© 2014 Kebba Buckley Button. World Rights Reserved. www.kebba.com
Life is very busy, noisy, and fluid today. People relocate a lot. For some people, the idea of “home” is a very comforting and stabilizing essence, a community or a house to return to for peace and warmth. What makes us attached to one place as “home”? From time to time, let’s ask ourselves, “[D]o I really want to be holding onto this place? Or do I want to simply be satisfied with my great memories?” In our culture, we have many layers of meaning when we talk about “home”.
In baseball, there is a “home base”. You can “get a home run” or “slide into home”. In basketball, Miami Heat star LeBron James has decided to “go home” to Cleveland, to play for the Cavaliers again, after 4 seasons with the Miami Heat. Cleveland media refer to his “coming home”. We talk about “homing in” on a target or goal. A “homing pigeon” is one that flies out and about, then returns to its starting point. Some say they feel “really at home” in their new school or job. People who travel a lot on business may refer to their “home city” or that city as their “home base”.
The ache for home lives in all of us, the safe place where we can go as we are and not be questioned.
~ Maya Angelou
My parents had a house in the town where I spent my public school years. They lived in the house for 40 years. When they sold it, the new owners re-cut some of the windows and walls and changed most of the landscaping. Some of my relatives felt violated by the changes, as though some immutable law had been broken. What was their attachment? I thought the changes were great, redeeming and refreshing the house, and bringing in a lot of sunlight. I hoped, and still do, that the new young family would have many years of joy in that house—that it would serve them well. When we saw the construction, I felt relief, not regret. I thanked the house for the good times.
I have seen a number of women, when going through a divorce, decide they absolutely must keep the house of their marriage years. Their attachment to the house as “home” is something they are committed to, as if their emotional life depended on it. Then one divorced woman with little income is living in a house with a few more bedrooms than she can sleep in, but where she has many memories. What is that attachment? Can you live in the past, feeding on your memories?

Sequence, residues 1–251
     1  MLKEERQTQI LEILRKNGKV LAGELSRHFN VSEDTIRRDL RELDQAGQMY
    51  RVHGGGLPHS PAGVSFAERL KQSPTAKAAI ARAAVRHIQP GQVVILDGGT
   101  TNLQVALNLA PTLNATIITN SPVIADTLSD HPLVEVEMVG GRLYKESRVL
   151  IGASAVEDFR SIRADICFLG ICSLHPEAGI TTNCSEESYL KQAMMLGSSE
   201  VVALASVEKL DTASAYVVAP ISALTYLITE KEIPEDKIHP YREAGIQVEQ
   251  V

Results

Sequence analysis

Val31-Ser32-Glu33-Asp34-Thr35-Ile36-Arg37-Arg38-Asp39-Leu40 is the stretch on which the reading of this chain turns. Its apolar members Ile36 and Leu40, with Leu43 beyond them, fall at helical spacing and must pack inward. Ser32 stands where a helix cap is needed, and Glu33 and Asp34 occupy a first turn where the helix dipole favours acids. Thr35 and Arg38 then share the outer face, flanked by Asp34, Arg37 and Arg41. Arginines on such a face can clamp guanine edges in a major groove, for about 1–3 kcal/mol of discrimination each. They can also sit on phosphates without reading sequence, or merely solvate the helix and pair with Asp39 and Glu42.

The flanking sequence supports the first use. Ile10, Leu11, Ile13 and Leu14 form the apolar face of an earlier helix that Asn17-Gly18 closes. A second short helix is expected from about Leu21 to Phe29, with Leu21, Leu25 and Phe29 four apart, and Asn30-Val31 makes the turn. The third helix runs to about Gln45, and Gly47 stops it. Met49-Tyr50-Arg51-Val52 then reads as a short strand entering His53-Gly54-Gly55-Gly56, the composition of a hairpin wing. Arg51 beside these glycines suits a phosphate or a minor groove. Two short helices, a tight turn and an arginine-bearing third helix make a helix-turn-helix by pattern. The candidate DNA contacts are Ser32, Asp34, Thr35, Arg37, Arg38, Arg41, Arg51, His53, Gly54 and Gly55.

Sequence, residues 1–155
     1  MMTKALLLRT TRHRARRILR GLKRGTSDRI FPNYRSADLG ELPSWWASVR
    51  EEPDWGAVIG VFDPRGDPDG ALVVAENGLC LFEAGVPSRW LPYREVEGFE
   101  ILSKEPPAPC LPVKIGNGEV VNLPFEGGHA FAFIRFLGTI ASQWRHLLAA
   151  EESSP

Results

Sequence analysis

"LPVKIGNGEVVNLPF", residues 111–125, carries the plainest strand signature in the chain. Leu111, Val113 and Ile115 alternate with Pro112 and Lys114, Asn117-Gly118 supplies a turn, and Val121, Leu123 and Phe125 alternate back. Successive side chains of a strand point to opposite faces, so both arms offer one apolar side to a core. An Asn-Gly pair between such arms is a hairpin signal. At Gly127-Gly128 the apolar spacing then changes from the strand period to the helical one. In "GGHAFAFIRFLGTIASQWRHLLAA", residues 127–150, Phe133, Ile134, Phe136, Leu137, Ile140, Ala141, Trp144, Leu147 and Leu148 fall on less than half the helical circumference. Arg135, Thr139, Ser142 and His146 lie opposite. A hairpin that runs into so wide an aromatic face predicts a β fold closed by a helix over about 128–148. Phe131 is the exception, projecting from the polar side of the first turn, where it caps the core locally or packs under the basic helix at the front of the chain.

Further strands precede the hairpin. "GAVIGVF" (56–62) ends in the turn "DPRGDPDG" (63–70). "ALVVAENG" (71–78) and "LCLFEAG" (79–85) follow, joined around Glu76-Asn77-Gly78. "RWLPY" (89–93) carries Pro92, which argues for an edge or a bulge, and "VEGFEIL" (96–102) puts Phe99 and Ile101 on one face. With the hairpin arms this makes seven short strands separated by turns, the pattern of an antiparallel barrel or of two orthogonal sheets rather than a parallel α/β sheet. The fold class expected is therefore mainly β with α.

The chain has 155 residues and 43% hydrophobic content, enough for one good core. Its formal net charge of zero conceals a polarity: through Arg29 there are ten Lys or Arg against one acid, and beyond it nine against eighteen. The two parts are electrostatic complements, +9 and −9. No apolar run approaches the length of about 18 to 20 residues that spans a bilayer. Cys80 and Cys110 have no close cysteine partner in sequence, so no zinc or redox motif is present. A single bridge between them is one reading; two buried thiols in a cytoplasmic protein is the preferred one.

Candy Spelling, widow of famed producer Aaron Spelling, had a 150-room home to deal with when her husband died in 2006. One week, he had a stroke, and five days later, he died. Candy had absolutely loved the 56,500 square foot home, nicknamed “Spelling Manor”. But she reorganized her life and purchased a bilevel penthouse in Century City, downsizing to 18,000 square feet. She sold Spelling Manor. Then she spent several years on the condo buildout and the warehousing/sorting of her Spelling Manor belongings. Bringing some of her memories with her, Candy Spelling recovered some favorite chairs and decorated with treasures from her decades of collecting. She celebrated her previous chapters and brought the best into her new chapter. The penthouse is truly her new home.
My husband and I have realized that neither of us is very sentimental about the house in which we live. We are in a charming house currently. It is our home for now. We greatly enjoy our home and community. But one day we may decide to move to another house, and then that will be our home. We have very low house-attachment! But that is because we have each other. We have an intense relationship that gets richer all the time. We know that relationships transcend structures. Who hasn’t heard this timeless quote:
Home is where the heart is.
~Pliny The Elder
Whether you’re LeBron James, Candy Spelling, or simply yourself, what makes your house your home is up to you and your heart. You call it, and do it your way. Now that’s Upbeat Living!
● Kebba Buckley Button is a stress management expert. She is the author of the award-winning book, Discover The Secret Energized You (http://tinyurl.com/b44v3br), plus the 2013 book, Peace Within: Your Peaceful Inner Core, Second Edition (http://tinyurl.com/mqg3uvc). She also has a natural healing practice and is an ordained minister.
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- Peace Within: Your Peaceful Inner Core (Second Edition) (http://tinyurl.com/mqg3uvc)
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